The ACF had already gifted Gilgit in November 1947 to Pakistan on a plate. Now they gifted them Baltistan also.

Meanwhile, the 1948 Pakistan-India war over Kashmir ended in a ceasefire courtesy of United Nations Commission for India and Pakistan (UNCIP).

Next year, 1949, the two countries agreed upon demarcation of a ceasefire line (LOC since 1972) which passed through the erstwhile Princely State of Kashmir thereby partitioning it into three parts with Pakistan receiving, in addition to Gilgit and Baltistan, portions of Kashmir and Jammu provinces of the State, collectively referred to as “Azad Jammu and Kashmir (AJK)” by Pakistan and “Pakistan occupied Kashmir (POK)” by India.

The UNCIP also recommended a plebiscite for Kashmir State so that the final disposition of the State could be decided in accordance with the wishes of its people.

This ascertainment of peoples’ wishes was never effected, India accusing Pakistan of failing to withdraw its forces from State territory as laid down in the UNCIP Resolutions; and Pakistan accusing India of scuttling the process by stalling the appointment of UN-nominated plebiscite administrator.

Since then the State remained a bone of contention among Pakistan, India and Kashmiris which led to wars and internal revolts.

Since January 2016 reports started coming from Pakistan that suggested that the Nawaz Sharif government was seriously considering the issue of merger of Gilgit-Baltistan as the fifth province of the country in total disregard of the consequences this measure would have on the broader issue of Kashmir.

It was given out at that time that the Islamabad administration were concerned about the passage of China Pakistan Economic Corridor (CPEC) through internationally disputed Kashmir State territory of Gilgit and Baltistan. So, if they merged Gilgit-Baltistan with Pakistan, it would serve their economic interests better.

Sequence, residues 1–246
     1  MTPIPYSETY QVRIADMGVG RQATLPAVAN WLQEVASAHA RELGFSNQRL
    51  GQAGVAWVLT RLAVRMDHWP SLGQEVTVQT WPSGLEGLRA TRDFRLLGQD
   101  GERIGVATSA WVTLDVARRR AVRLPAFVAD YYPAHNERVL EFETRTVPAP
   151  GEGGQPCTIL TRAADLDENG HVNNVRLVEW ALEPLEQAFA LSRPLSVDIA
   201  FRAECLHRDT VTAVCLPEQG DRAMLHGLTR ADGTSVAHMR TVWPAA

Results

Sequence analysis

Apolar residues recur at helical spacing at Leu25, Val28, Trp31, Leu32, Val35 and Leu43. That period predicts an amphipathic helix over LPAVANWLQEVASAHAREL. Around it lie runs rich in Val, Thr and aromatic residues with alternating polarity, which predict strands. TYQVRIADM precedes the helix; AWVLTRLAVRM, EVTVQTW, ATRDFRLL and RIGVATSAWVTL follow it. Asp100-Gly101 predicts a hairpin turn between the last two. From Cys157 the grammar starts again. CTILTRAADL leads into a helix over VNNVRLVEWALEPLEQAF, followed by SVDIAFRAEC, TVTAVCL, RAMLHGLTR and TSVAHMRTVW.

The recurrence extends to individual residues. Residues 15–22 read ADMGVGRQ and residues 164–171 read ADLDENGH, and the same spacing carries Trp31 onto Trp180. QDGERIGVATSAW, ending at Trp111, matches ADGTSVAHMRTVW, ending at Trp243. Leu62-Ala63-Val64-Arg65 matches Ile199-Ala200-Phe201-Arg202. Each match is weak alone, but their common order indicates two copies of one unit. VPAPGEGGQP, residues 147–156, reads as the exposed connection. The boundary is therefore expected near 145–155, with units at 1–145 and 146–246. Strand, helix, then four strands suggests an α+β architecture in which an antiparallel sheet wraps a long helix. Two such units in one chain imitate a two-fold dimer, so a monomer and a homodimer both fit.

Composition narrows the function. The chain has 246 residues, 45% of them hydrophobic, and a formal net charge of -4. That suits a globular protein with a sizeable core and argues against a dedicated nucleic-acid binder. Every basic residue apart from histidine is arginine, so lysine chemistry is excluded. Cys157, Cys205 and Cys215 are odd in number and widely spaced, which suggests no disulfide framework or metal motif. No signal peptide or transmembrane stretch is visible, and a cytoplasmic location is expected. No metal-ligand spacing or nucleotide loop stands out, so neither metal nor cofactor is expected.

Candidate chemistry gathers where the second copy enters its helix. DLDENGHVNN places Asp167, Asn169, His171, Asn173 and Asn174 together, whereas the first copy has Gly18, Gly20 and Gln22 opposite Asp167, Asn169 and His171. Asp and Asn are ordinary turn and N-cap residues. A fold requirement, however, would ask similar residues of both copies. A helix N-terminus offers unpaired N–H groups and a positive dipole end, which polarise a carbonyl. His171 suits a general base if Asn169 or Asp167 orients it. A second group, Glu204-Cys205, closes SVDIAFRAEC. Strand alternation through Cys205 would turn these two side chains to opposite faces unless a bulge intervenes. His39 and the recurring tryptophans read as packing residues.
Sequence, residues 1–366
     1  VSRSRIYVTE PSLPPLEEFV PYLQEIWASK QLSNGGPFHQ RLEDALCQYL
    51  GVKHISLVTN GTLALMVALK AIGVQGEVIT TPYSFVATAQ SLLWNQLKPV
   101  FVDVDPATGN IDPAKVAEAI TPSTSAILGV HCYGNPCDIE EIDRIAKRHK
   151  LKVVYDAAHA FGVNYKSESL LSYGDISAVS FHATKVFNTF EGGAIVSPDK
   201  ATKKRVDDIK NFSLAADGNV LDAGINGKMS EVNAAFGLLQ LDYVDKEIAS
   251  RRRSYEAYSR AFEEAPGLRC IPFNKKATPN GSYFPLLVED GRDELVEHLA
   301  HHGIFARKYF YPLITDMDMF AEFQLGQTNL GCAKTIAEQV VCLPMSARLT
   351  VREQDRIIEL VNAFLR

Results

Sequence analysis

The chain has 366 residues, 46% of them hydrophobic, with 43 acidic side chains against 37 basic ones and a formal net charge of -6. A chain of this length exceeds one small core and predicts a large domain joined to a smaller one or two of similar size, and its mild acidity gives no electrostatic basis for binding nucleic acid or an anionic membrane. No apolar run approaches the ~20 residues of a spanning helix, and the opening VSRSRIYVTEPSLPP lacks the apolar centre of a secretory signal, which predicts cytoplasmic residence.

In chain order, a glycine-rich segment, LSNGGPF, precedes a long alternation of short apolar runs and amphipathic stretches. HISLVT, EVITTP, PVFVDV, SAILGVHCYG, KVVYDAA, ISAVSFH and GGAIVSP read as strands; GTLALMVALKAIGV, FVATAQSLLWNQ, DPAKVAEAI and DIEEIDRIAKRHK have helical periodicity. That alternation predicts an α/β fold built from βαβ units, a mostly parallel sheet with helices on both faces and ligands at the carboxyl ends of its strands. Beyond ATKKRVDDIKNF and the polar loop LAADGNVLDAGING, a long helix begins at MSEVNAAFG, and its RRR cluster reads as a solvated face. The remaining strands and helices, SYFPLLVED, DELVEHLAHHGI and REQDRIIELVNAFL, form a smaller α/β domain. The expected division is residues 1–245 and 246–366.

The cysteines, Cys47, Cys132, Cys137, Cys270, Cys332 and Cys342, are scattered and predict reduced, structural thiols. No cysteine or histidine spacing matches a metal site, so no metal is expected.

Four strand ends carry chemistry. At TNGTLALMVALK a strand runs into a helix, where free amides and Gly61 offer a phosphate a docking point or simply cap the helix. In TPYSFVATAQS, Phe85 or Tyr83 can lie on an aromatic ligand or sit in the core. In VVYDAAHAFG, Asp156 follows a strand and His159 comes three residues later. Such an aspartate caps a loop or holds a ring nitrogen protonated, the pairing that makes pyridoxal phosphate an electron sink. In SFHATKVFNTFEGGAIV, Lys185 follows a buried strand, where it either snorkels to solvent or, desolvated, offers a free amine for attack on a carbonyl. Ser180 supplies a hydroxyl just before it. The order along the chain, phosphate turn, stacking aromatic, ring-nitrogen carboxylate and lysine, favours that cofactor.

As of now, February 2017, such reports have again started making rounds. The most recent reports on this issue, published by Pakistani newspapers, suggest that the Nawaz government has finalised the plan to merge Gilgit-Baltistan with the endorsement of Gilgit-Baltistan Legislative Assembly which was convened first time in 2009 under the Gilgit-Baltistan Empowerment and Self-Governance Order.

Should that happen, the balloon of resistance in Kashmir Valley, nurtured by Pakistan itself, would be deflated. New Delhi administration would make merry.

Despite their long winded rhetoric that Gilgit-Baltistan and AJK belonged to India and were illegally occupied by Pakistan, and that they meant to liberate these by force, the reality seems to be that they fervently desire Islamabad administration to effect constitutional changes for merger of Gilgit-Baltistan (and also AJK) with Pakistan as provinces at par with other provinces of the federation, because this would create a precedent for them (New Delhi administration) to do likewise with the rest of the State which is under Indian administration.

They can easily obtain concurrence for required constitutional changes from the Legislative Assembly of Kashmir which is full of their own people. Probably some sort of nexus has developed on this issue between New Delhi and Islamabad, or Islamabad might not have thought of this merger.

Up until now the Kashmir resistance forces accused India of not allowing a plebiscite in the valley as laid down in the UNCIP resolutions and instead seeking its merger with the Union with the concurrence of unelected assemblies (the Constituent Assembly in 1950s and the Legislative Assembly since 1957).

Now Pakistan has set the process of merger of Kashmir State territories in motion.

They can hardly justify their action on the grounds that the Legislative Assembly of Gilgit-Baltistan is supportive of these measures; and that people of Gilgit-Baltistan wish to be part of Pakistan.

Should they do so, then the New Delhi administration could embark upon a similar adventure; abrogate the Articles 370 and 35A of the Constitution of India; obtain the concurrence of the Kashmir Legislative Assembly; and thereby finally merge Kashmir with the Union of India at par with other States of the Union.

If this were to happen, the people (read Muslims) of Kashmir would have two options available: Either accept the new dispensation hands down and curse Nawaz government; or fight back with more vigour.